You mentioned one of your investors that Oceana and Sea Harvest also heavily invested there, but a lot of people will say, Okay, you got millions. But, just tell us how difficult it was to raise the R15 000 on the way?


It was extremely difficult we have to convince clients of mine who were teachers, you know, and I had to convince them to invest to put money aside on a monthly basis. And put some money with us. I had sold them insurance policies so they were happy with that. And they thought this was a new way of doing things. Because what we sold to them was a dream and said to them that we have in 1994. We had political freedom, political emancipation and a new democracy, but that would mean nothing if there wasn’t economic participation. The African National Congress itself, said at that stage, and there calling was a better life for all. And now, to a better life for all you can’t just leave it to government, you have to have people like ourselves, in business in NGOs, in schools, teachers, lawyers, doctors, you know, nurses, everybody had to really put their shoulders to the wheel; ordinary workers as well. In our case, we thought there is an opportunity that with, political, emancipation comes the economic emancipation and opportunities. And that’s how we started out.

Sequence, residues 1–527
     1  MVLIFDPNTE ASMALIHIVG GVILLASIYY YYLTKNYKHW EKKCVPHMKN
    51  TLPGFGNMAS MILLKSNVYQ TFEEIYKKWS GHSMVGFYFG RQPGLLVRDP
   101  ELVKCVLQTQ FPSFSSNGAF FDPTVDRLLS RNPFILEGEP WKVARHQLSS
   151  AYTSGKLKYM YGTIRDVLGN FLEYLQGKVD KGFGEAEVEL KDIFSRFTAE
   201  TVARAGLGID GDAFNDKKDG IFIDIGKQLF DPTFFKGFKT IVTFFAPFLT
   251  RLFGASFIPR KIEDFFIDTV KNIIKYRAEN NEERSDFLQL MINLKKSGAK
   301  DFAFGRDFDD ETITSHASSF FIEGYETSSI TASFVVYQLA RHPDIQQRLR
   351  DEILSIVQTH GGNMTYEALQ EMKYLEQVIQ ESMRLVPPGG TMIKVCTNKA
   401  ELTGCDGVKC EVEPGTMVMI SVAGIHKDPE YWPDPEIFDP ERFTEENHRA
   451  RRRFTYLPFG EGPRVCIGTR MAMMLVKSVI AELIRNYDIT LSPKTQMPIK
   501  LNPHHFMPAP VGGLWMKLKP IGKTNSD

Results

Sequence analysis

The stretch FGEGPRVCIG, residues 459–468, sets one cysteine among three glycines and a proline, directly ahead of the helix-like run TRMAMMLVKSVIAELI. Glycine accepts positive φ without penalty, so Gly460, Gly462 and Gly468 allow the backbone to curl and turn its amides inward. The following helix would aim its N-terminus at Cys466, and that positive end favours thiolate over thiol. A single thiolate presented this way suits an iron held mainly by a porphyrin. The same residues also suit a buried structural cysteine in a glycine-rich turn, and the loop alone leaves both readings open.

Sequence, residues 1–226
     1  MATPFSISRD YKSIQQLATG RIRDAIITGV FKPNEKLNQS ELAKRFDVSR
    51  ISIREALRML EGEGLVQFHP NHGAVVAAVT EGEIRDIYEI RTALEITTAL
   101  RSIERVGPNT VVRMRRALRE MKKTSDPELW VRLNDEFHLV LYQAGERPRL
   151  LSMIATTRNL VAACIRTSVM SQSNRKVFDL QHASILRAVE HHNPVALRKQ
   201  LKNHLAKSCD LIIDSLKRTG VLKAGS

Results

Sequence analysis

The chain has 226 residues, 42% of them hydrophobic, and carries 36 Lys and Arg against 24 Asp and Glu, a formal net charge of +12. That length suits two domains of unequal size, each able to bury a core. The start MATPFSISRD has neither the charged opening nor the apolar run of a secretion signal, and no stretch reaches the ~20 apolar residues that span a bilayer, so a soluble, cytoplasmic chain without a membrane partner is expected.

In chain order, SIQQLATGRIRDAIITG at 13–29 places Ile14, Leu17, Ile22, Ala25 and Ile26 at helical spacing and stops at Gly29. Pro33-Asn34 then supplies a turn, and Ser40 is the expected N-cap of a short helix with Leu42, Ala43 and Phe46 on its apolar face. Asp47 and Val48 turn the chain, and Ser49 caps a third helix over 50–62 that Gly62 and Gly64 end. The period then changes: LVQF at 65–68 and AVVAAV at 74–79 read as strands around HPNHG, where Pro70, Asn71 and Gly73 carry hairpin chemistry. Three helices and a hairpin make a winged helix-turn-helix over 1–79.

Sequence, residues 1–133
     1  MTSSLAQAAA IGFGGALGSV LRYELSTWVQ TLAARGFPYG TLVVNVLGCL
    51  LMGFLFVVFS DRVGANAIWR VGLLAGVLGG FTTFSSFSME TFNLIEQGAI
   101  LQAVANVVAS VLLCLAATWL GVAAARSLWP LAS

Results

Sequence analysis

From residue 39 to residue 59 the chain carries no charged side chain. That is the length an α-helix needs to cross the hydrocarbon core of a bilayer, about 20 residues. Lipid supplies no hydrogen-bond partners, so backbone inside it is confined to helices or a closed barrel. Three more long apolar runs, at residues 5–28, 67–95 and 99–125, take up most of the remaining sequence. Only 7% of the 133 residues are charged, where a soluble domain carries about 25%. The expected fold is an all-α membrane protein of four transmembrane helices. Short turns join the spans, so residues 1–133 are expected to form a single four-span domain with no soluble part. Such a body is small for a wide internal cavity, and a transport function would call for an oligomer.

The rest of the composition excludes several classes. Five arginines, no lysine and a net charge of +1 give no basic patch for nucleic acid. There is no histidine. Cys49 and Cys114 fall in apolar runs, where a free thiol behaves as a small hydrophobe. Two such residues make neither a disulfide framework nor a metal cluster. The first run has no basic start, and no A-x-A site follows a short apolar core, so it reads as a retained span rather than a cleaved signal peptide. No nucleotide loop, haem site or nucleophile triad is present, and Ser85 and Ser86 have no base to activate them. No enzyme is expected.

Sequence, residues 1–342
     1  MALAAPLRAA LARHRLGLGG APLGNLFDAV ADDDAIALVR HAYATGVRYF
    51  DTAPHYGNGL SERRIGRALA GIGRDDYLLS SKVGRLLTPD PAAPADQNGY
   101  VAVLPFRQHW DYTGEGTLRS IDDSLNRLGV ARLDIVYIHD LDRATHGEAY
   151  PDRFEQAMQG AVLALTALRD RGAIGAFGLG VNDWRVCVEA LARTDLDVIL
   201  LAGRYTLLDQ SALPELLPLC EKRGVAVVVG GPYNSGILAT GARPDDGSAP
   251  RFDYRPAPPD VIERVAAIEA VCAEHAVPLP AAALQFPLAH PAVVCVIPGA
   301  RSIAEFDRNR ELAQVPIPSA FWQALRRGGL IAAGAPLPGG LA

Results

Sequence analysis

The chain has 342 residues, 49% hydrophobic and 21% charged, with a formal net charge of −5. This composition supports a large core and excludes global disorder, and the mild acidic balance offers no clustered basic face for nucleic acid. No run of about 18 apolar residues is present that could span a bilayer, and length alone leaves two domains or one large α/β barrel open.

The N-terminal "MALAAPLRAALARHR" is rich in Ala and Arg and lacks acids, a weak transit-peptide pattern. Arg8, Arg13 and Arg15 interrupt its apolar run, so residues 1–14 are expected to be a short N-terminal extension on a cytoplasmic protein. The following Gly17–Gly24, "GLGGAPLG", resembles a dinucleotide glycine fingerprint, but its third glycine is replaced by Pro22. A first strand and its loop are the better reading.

I remember one story you were telling me this years ago you went to a petrol station and you said to the guy who owned it Makkie Isaac who is still a friend of yours: ‘ Excuse me, we’re going to open up an investment company. It must be quite odd to do that because it’s okay now you have a big company, but then when you would just two individuals, how difficult was it?